“Distractions–things that force you not to think about work,” is how he describes his non-work activities. “I suppose if you didn’t have to sleep, you could be cranking away 24 hours a day.”
Maier arrives at work by 7 a.m. and generally works 12-hour days. Once at home, he responds to e-mail from Far East operations as those employees arrive at the office.
Maier describes his approach to business as analytical. “I like to look at the numbers. We are graded on how the company progresses financially,” he says.
He distills his business philosophy down to six words, a philosophy he calls QCRISP: quality, cost, reliability, innovation, schedule and performance.
“Quality is first,” he says. “My style would flow from that. I have low tolerance for poor quality.”
He also tries to promote innovation and the ability to make high-performance products.
“You have to have fun with your people too–motivate them,” he says.
Stratakos describes his successor as bright, organized and driven, with the ability to juggle multiple and vastly different tasks.
“He digs deeply into technical problems and offers suggestions that engineers close to the problem may not see or have thought of,” he says. “He’s one of the few individuals I’ve known who can run a technical sales organization and an engineering/product development organization simultaneously and provide excellent leadership for both.”
Sophie Vandebroek, vice president of research and technology for Xerox Corp., has known Maier for 10 years. Her husband was vice president of engineering at ENI.
“He can motivate other people and get things done. What makes Ed good is the way he relates to people,” she says. “He is not a person to sit in his office and send e-mail.”
Maier’s background directing both engineering and sales organizations at ENI should make him successful as president, she adds.
One of Maier’s biggest accomplishments at ENI was setting up its international distribution network. His first job was establishing ENI Japan, and he also set up the company’s operations in Germany.
“We are a fairly small company, but we have outposts all over the world,” he says. ENI exports 40 percent of its work directly, and as much as 60 percent ends up outside of the United States (exported by ENI customers).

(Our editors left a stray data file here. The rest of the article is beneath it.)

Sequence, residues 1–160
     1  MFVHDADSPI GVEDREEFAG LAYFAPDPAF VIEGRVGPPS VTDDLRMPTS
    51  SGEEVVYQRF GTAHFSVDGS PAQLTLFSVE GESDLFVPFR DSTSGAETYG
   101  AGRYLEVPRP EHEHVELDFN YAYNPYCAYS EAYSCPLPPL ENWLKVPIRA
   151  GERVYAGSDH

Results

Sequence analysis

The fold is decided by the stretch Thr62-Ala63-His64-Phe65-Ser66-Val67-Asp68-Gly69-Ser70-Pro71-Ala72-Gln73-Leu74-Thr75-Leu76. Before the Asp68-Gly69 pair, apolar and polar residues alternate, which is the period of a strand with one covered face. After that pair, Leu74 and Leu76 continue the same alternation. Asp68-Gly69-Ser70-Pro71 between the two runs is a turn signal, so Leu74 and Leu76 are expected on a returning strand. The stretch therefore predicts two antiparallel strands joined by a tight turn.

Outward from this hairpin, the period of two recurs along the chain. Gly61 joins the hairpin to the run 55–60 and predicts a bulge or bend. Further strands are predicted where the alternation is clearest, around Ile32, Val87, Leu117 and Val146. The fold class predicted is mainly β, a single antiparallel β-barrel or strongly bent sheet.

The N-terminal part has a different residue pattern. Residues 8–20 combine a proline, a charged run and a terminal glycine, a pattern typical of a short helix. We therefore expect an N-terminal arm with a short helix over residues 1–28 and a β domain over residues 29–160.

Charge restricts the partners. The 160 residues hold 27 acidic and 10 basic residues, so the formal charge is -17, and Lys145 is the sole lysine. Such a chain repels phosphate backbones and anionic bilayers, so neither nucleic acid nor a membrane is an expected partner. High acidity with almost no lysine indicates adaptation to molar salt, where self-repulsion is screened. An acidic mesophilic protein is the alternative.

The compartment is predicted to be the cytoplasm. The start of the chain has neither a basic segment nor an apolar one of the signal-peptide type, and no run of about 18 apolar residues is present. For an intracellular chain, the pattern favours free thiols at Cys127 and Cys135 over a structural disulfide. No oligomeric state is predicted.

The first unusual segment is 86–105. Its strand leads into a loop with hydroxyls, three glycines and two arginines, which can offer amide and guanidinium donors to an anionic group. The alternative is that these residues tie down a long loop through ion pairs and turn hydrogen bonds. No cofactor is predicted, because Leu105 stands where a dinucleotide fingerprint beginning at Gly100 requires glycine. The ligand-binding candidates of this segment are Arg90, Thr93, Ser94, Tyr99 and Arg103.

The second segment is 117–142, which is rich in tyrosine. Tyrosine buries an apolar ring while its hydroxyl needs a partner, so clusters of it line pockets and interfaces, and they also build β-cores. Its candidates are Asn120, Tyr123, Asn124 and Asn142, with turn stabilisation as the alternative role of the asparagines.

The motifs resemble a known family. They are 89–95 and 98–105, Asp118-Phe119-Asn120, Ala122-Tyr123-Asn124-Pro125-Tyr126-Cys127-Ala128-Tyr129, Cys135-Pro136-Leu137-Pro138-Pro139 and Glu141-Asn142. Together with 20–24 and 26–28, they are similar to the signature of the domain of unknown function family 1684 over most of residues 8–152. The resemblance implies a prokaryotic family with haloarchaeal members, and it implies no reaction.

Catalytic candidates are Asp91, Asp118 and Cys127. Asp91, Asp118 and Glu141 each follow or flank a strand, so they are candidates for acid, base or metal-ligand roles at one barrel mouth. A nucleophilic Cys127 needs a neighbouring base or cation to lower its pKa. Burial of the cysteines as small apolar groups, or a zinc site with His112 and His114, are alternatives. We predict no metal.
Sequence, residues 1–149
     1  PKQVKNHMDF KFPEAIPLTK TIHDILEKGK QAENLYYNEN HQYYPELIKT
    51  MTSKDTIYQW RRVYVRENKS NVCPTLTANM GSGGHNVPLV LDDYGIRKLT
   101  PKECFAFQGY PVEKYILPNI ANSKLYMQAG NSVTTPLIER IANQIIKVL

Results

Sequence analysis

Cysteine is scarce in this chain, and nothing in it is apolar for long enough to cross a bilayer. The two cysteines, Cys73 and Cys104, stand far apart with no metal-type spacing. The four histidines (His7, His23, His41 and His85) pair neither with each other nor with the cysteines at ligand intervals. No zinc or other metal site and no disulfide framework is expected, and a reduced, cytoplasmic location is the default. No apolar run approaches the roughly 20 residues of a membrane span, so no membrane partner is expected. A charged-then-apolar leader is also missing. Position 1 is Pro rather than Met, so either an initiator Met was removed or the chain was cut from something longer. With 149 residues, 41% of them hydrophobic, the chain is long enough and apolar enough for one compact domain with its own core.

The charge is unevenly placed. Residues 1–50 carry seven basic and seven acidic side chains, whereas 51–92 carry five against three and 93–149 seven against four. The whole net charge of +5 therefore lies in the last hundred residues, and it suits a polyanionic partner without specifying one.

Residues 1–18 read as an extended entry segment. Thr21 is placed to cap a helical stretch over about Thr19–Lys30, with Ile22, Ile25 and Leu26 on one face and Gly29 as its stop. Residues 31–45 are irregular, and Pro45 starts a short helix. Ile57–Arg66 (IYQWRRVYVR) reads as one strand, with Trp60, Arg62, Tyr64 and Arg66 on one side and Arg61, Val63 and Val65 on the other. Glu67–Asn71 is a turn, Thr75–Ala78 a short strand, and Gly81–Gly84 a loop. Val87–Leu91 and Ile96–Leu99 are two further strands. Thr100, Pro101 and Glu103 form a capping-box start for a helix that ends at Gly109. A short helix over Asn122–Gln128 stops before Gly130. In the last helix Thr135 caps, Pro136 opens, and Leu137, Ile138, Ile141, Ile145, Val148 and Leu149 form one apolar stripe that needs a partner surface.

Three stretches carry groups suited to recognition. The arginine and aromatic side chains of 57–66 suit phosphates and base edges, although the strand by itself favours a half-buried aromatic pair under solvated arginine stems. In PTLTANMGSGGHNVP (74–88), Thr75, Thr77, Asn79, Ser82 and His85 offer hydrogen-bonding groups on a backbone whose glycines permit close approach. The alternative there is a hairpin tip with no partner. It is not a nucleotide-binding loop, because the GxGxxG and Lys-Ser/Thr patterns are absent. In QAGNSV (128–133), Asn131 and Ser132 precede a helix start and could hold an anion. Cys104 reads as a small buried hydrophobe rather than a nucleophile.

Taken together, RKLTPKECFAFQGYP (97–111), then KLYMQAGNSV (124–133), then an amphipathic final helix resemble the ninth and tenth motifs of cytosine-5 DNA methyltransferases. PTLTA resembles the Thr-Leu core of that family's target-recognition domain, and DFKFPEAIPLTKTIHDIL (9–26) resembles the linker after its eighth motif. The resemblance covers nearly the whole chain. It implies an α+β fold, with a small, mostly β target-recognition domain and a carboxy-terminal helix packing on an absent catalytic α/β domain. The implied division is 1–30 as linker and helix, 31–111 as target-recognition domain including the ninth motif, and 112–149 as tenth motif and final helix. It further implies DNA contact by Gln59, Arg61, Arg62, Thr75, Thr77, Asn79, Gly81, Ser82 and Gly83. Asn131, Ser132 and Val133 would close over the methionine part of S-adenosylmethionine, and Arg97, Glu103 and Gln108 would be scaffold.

Its global nature, however, put even greater pressure on the company in 1998, with the shaky economy in Asia and Japan.
Maier says his chief focus this year involves ensuring ENI is positioned for the industry’s rebound. Company officials and others in the industry believe the worst is over.
“Nobody would ever need a pacemaker in this industry,” he says, repeating a common inside joke. “It’s always changing. We think it bottomed for us in the third quarter.”
The company’s revenues increased in the fourth quarter, and Maier expects the same or better results in the current quarter. Several competitors did not survive the most recent slump.
“The biggest challenge is to get the company back on the growth curve. We start growing, great things happen,” he says.
The power-supply industry’s business model rewards companies that invest in designing new products during the down cycles.
“You better get to work designing new products because when it comes out again, the products that you rode in the last wave, (customers) won’t even buy them,” he says.
That model also requires patience from ENI’s parent company as it continues to invest in new products despite seeing no immediate return.
Maier says ENI has cutting-edge products it is ready to launch for the semiconductor industry. The company is betting its new products can close the gap between ENI and industry leader Advanced Energy Industries Inc. of Colorado.
Advanced Energy had $141.9 in sales in 1997 and last year acquired the No. 3 player in the industry, but it also has seen revenues fall and has laid off workers.
“It’s a dogfight right now between the two of us,” Maier says. “They are a solid competitor. They are larger than we are. But this business can change a lot in a business cycle.”
Despite an engineering education, Maier in recent years has focused on expanding ENI’s sales. He plans to maintain that customer focus and impress it on everyone throughout the company.
“I try to make one customer contact a day. You have to listen to your customer. And if you listen closely enough, they will tell you what you need to do, especially in this business,” he says.
During periods of high growth–50 percent a year–ENI has struggled to find talented employees. That struggle has prompted questions about whether Rochester is the best location for ENI.
“I have been questioned in some of our strategic meetings (if) Rochester is the right place to be,” he says. “For us, I think it is.”
If ENI moved to the Silicon Valley, competition for engineering talent would heighten steeply and ENI would battle for human resources against companies with much deeper pockets.
Maier says his short-term activities include improved access to ENI’s suppliers and spending more time on the factory floor, to better learn ENI’s manufacturing process. Strategically, the company remains focused on power supply for thin-film processing, but he is looking at expanding into closely aligned products.
Longer term, Maier would like ENI to look to expansion through acquisitions and to bulk up through further industry consolidation.
“Emerson is an acquisitive company, and we have never done a big one,” he says. “That would take us into a different league of companies, into the multi-hundreds of millions.”